Officials from Mary Free Bed Rehabilitation Hospital and the MSU College of Human Medicine sign their partnership agreement. Photo by Rachel Weick
Two major institutions in downtown Grand Rapids are partnering on an initiative — to combine the study of medicine with the practice of medicine.
Mary Free Bed Rehabilitation Hospital and the Michigan State University College of Human Medicine, announced yesterday that they’re collaborating to launch a rehabilitative research and educational initiative at Mary Free Bed.
The nonprofit acute-care rehabilitation hospital has served children and adults for more than 120 years. Mary Free Bed has 80 acute-care inpatient beds, outpatient programs, home-based services and specialty services, such as prosthetics, neuromuscular re-education and driver rehabilitation.
MSU’s College of Human Medicine was founded in 1964 and has six community campuses through its affiliations with local hospitals, health care providers and physicians. Research centers focused on women’s health and Parkinson’s disease are located on the MSU Grand Rapids campus.
Kent Riddle, chief executive officer at Mary Free Bed, said the collaboration is another great example of what like-minded, mission-driven organizations can achieve when recognizing the value of working together.
The partnership is based on a framework of three components: physicians and clinicians conducting academic research in partnership with MSU; the hospital’s ability to have faculty appointments at the College of Human Medicine; and welcoming approximately 12 medical students each year into the hospital system for a rotation.
A research hospital
Dr. John Butzer, who will led the John F. Butzer Center for Research and Innovation, said adding research and education will help Mary Free Bed better care for patients.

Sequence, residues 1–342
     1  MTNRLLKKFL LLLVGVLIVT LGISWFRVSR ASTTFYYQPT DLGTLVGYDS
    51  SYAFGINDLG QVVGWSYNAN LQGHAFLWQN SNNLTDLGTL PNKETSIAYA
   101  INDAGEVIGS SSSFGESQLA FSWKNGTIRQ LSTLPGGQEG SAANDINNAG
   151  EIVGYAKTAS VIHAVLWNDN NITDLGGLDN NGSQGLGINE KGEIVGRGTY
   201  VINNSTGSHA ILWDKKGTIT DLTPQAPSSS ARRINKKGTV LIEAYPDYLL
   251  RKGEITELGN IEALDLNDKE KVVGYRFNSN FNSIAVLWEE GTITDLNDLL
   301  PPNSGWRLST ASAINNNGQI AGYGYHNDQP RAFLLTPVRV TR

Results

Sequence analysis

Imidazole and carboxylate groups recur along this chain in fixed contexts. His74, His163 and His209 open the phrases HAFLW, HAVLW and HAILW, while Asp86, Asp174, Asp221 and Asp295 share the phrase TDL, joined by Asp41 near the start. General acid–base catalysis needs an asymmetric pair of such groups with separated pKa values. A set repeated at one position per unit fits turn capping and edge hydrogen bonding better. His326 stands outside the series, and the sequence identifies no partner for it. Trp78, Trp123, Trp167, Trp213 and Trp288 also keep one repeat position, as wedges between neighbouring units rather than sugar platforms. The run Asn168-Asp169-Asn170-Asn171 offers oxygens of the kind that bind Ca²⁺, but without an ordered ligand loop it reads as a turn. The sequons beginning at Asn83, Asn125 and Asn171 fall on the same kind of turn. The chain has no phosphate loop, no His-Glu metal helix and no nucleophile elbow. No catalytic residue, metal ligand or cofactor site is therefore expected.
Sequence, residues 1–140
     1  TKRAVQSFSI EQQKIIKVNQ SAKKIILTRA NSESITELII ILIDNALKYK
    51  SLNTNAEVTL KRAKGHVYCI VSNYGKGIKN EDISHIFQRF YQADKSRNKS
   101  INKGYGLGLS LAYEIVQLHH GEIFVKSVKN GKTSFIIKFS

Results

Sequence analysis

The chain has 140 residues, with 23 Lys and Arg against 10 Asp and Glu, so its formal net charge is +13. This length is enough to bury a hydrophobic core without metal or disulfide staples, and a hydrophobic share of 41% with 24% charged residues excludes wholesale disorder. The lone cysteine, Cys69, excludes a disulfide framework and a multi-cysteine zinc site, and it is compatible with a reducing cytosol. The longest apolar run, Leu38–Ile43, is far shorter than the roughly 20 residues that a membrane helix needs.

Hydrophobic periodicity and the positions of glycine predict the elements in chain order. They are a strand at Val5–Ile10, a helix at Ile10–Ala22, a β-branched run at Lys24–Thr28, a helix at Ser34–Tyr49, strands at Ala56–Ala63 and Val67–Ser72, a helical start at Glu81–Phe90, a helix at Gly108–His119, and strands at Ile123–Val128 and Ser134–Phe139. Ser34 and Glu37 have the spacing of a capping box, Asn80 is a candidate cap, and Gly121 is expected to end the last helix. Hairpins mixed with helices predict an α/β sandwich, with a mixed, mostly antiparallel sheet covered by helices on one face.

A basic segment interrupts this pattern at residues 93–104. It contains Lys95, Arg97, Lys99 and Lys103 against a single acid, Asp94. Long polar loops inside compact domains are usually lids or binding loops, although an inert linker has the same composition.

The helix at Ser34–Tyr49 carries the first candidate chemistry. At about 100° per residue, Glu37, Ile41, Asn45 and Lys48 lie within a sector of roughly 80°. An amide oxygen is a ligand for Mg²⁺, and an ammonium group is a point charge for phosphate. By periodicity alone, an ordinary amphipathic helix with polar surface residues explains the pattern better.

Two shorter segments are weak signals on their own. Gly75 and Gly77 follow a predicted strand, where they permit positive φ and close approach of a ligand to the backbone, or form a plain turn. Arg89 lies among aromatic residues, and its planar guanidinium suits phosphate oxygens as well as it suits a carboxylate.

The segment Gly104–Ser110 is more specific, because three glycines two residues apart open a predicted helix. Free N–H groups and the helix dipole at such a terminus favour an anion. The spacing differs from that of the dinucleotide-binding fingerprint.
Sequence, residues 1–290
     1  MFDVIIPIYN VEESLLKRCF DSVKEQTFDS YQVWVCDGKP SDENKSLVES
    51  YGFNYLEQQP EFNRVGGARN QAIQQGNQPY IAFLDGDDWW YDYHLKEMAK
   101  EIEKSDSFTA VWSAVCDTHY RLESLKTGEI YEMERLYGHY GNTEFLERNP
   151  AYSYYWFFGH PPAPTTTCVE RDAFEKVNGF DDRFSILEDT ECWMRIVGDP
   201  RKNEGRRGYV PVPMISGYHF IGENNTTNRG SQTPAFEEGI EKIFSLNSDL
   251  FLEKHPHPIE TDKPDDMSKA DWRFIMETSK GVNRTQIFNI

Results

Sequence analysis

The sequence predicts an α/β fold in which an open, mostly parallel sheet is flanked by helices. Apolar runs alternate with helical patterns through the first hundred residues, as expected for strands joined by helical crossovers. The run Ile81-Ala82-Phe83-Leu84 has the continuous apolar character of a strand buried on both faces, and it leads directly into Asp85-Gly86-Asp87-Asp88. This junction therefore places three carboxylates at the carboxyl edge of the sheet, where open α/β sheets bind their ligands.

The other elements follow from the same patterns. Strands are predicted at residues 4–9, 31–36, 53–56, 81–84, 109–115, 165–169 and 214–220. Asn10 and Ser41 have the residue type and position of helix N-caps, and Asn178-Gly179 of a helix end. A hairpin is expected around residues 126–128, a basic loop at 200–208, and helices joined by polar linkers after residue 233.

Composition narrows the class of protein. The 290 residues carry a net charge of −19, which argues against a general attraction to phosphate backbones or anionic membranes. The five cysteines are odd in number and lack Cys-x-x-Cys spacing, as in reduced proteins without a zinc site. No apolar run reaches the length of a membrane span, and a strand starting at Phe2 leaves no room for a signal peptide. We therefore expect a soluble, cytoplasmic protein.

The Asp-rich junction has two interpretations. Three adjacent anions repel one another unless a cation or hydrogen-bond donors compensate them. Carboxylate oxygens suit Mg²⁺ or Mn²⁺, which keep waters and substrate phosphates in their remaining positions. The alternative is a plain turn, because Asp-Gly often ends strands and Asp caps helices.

“Good medical institutions all have education and research,” Butzer said. “It brings in innovation and helps train the health care professionals and the physicians for tomorrow. So it ensures we will have well-trained people here for the future and that our patients will get the very latest in technology and innovation.”
With the help of Michigan State, the hospital will be attracting new, high-caliber researchers to the community to hopefully gain outside funding to fuel growth and jobs for the future, Butzer said.
“Our research efforts now are relatively small, “Butzer said. “We will be recruiting people from out of town to come in, senior scientists, and so we will be recruiting from outside to staff our department, plus the support staff will be local. It will start slow with just a handful of jobs, but if we are successful in attracting grants, we expect it to grow over time.”
Dr. Marsha Rappley, dean at MSU College of Human Medicine, said the collaboration combines MSU’s research expertise with Mary Free Bed’s clinical operation and will create a powerful partnership that translates into improved outcomes for patients.
“Mary Free Bed is an important institution in the city, the region, the state and, really, the nation,” Rappley said. “The reputation of this institution is worldwide. It is a wonderful opportunity for us.”
Rappley said the rehabilitative care conducted at Mary Free Bed will grant medical students an opportunity to experience how patients manage chronic conditions, witness the drive and strength of the patients and learn how a physician can support the patient and family.
“It’s an opportunity for us to really allow our students to see something that they can’t otherwise see, because what they see in the hospital and what they see in the doctor’s office, there is a part in between,” Rappley said.
Butzer added that educating the health care professionals of tomorrow part of the foundation of a great medical center, and the students will have access to the clinical activities at Mary Free Bed.
“We hope to introduce students to rehabilitation and interest them in a career in rehabilitation,” Butzer said. “With the aging population, more and more people are suffering from disability. Those people need to have hope and freedom restored to them, and we think our medical students will enjoy that.
“In some ways, it is traditional medicine in an era of high tech. We get to know our patients here. We get involved in their life. And we return them to hope and freedom.”